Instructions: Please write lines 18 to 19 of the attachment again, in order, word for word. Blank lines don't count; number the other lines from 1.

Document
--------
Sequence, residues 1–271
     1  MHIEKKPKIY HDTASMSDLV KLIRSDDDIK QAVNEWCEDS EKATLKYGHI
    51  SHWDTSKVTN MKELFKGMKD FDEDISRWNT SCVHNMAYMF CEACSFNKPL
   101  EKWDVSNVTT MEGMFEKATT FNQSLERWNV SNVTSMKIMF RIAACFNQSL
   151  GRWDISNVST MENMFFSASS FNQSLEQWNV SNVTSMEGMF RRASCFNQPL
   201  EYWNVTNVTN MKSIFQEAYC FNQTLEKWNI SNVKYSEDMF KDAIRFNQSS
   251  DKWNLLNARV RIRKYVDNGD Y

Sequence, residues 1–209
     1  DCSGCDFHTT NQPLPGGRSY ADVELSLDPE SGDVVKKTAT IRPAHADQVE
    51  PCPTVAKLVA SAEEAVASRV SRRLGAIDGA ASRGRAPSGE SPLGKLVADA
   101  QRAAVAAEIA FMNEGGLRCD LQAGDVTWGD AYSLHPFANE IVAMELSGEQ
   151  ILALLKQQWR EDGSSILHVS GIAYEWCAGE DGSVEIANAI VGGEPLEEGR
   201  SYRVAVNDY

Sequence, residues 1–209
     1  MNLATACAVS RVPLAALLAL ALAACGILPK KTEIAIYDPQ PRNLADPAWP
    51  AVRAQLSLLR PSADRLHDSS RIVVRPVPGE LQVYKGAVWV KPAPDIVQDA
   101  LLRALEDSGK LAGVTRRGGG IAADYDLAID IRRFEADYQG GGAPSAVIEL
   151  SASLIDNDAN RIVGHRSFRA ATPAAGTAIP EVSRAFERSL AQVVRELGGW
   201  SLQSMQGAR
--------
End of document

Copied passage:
   151  SASLIDNDAN RIVGHRSFRA ATPAAGTAIP EVSRAFERSL AQVVRELGGW
   201  SLQSMQGAR